Chewing gum can work, plus the flavor can give a dopamine boost, which our ADHD brains love. But not everyone agrees with this habit, so it isn’t always appropriate to chew gum in shared environments.

Many people fidget with their hair, whether that’s twirling a strand, playing with a ponytail, or flipping it back and forth. This has its own connotations of either showing nervousness or even flirting in some situations. 


One of the more commonly recognized signs of nervousness are nail biting and skin picking. The repetitive movement helps calm the nervous system, but can also lead to harm and damage over time. It’s also unhygienic and often considered annoying or unpleasant, so isn’t the best idea in most environments. 

One of the more recent developments is the rising popularity of fidget toys, like fidget spinners, which have been proven effective for improving focus. We’ll talk more about their usefulness later.


You Asked…

What kind of fidgeting is ADHD?

ADHD fidgeting can manifest as leg bouncing, pen clicking, or doodling. These repetitive actions are strategies to enhance alertness and maintain focus during tasks that require extended concentration.

Stimming vs Fidgeting

If you’ve heard of stimming, you may be wondering what makes it different from fidgeting. Both are repetitive motions designed to reduce anxiety and help with emotional control.

Stimming is usually associated with Autism (ASD), but is also a part of ADHD, depending on who you ask. The exact distinction between the two is a little blurry. 

Stimming is a self-stimulatory behavior that’s generally more intense and noticeable than fidgeting.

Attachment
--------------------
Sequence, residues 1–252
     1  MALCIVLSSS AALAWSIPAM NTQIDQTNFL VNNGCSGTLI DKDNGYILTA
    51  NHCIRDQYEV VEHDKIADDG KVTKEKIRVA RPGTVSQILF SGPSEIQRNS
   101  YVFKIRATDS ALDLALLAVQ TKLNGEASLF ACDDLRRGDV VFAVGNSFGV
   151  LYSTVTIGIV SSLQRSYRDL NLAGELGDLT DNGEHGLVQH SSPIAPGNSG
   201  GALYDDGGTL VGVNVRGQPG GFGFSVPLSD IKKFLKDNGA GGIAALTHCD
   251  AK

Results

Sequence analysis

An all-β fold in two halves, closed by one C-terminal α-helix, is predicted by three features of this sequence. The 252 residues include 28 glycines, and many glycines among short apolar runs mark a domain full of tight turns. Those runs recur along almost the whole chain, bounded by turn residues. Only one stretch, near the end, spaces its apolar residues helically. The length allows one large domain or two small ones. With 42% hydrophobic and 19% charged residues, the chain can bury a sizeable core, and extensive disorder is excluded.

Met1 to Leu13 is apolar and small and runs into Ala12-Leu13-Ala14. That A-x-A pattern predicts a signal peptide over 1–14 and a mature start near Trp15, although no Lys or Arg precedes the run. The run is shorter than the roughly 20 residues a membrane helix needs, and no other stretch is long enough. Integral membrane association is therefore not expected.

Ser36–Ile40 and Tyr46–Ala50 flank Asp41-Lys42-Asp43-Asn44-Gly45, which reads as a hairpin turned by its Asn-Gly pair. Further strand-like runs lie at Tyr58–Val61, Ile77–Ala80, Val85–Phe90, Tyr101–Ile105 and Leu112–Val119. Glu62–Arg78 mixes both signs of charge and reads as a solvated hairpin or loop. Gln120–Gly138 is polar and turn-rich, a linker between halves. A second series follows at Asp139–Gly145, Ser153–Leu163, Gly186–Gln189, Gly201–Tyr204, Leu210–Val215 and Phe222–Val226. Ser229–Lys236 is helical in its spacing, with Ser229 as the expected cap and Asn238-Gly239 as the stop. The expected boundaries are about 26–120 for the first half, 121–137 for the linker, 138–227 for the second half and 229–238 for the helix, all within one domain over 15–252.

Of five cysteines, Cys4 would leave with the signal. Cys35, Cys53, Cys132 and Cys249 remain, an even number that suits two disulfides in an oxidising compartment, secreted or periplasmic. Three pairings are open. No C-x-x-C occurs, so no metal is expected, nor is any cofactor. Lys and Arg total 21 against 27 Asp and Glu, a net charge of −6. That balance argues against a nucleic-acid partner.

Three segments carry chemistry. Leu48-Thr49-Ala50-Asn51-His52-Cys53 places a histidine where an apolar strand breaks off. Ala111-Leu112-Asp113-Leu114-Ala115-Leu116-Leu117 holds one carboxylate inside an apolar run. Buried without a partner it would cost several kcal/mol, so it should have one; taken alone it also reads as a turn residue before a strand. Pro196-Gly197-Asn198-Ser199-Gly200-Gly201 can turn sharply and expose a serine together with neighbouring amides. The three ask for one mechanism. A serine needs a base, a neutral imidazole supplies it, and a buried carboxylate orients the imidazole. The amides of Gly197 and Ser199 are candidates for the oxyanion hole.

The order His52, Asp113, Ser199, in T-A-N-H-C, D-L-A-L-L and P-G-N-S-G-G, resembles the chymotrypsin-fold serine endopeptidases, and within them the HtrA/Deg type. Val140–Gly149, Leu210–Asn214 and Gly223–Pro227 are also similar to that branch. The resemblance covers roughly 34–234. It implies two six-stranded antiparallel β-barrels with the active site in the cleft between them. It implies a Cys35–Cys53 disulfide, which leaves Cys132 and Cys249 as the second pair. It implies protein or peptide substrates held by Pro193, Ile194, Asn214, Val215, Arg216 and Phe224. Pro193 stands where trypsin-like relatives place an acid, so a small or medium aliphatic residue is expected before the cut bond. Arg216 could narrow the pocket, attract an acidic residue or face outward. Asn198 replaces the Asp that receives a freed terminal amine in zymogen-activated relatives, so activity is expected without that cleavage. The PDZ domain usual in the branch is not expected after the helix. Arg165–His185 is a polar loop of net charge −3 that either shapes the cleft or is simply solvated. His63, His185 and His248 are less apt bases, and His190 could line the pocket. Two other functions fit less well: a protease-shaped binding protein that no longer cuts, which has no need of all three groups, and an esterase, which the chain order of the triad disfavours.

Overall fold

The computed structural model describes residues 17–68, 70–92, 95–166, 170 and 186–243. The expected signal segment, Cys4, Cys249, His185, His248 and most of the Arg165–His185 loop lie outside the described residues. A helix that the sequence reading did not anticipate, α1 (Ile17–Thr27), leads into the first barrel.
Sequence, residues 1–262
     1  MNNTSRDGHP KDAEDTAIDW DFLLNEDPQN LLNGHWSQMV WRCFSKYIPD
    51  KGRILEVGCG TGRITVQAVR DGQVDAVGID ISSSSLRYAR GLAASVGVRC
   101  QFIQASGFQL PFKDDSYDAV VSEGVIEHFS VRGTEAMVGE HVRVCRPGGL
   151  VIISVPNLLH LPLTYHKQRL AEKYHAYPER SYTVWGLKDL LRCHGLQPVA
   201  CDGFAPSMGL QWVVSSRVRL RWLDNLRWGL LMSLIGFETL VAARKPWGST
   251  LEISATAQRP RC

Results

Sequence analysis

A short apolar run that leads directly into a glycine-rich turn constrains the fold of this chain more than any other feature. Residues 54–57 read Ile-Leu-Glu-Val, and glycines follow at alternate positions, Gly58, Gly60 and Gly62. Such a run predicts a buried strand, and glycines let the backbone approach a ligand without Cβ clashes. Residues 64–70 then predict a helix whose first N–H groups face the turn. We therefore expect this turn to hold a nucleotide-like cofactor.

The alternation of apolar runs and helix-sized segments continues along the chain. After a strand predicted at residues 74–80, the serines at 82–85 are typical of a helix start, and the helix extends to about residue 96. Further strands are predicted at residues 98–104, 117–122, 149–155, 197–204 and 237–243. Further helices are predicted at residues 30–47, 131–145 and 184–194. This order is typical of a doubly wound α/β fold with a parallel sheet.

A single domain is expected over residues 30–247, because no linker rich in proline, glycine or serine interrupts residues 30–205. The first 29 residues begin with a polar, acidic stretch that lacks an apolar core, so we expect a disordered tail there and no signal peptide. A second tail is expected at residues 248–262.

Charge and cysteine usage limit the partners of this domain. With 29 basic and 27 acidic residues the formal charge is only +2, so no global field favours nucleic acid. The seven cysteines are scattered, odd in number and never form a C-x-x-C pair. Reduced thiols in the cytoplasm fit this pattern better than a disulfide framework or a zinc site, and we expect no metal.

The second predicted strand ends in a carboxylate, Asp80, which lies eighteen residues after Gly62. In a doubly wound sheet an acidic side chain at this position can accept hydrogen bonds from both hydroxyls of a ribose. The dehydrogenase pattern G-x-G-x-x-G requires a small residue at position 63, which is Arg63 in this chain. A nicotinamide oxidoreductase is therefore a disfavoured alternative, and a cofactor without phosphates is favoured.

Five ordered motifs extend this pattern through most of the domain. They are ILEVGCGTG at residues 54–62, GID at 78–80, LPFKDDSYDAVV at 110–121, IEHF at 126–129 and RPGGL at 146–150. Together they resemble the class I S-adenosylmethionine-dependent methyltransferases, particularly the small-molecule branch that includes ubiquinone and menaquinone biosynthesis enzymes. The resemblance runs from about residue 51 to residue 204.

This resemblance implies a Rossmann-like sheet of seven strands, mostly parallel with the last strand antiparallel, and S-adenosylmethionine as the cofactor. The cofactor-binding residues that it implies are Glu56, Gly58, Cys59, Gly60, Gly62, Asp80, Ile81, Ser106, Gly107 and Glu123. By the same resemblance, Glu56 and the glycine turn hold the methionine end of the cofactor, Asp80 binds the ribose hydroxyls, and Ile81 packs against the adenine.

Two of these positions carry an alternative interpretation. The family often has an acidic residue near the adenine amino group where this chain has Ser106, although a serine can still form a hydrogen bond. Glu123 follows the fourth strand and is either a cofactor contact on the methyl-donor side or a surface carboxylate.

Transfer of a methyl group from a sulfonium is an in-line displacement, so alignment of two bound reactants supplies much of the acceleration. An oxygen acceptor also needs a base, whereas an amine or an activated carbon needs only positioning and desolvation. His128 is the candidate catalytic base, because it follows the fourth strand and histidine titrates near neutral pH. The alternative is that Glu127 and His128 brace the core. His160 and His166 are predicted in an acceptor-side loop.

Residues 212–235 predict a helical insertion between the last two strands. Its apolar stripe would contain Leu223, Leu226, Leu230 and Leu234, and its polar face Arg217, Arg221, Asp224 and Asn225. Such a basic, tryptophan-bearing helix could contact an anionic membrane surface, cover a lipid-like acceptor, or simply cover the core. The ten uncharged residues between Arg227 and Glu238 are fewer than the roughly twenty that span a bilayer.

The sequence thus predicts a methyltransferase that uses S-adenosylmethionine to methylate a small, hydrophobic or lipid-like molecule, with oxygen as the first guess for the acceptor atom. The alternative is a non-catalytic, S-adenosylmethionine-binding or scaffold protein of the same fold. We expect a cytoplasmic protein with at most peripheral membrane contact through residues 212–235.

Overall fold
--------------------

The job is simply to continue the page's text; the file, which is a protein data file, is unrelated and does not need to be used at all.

This can look like hand-flapping, rocking back and forth, or repeating meaningless words and phrases. 

Humming is a way to stim. It can be soothing to hum, not because of the sound or any tune, but because of the feeling of the vibrations created.  

It’s also worth noting that ADHD and ASD can be comorbid conditions, which means there are a significant number of people who experience both neurodevelopmental disorders. That’s one of the reasons there’s such an overlap between stimming for ADHD and stimming for autism.


You Asked…

What is ADHD stimming?

Stimming in ADHD involves repetitive behaviors or movements, such as tapping or rocking, serving as a mechanism to cope with overstimulation, reduce anxiety, and improve focus.



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The Darker Side of Fidgeting: Body-Focused Repetitive Behaviors

While fidgeting can offer ADHD support, especially when we need to improve focus, many fidgeting strategies are considered annoying or inappropriate. Some may also cause physical harm and long-term damage. 

These are called Body-Focused Repetitive Behaviors (BFRBs). 

BFRBs are repetitive body-focused movements that cause physical damage. The most common BFRBs are trichotillomania (hair pulling), onychophagia (nail biting), and dermatillomania (skin picking). These may not seem like a big deal at the moment but can have negative long-term effects on your skin, hair, and nails. 

I’ve always been a nail-biter and skin-picker. Sometimes it’s worse than others, but I go through times where my nails are so short that they’re sore, or I’ve picked the sides of my nails until they bled. I had no idea this could be linked to ADHD.

When we’re going through a period of heightened anxiety or mental illness, we may rely on fidgeting too often. Eventually, it can become a not-so-helpful habit that you can’t control. Once we start, we often can’t stop fidgeting.

If you’re starting to develop habits of harmful fidgeting behaviors, it is essential to seek professional help as soon as possible.

Healthier Tips for ADHD Focus and Management 

Fidgeting is helpful - if done healthily. That means being mindful of our habits and finding non-harmful ways to harness fidgeting for focus.

Fidget toys are a great addition to anyone’s ADHD management tool kit.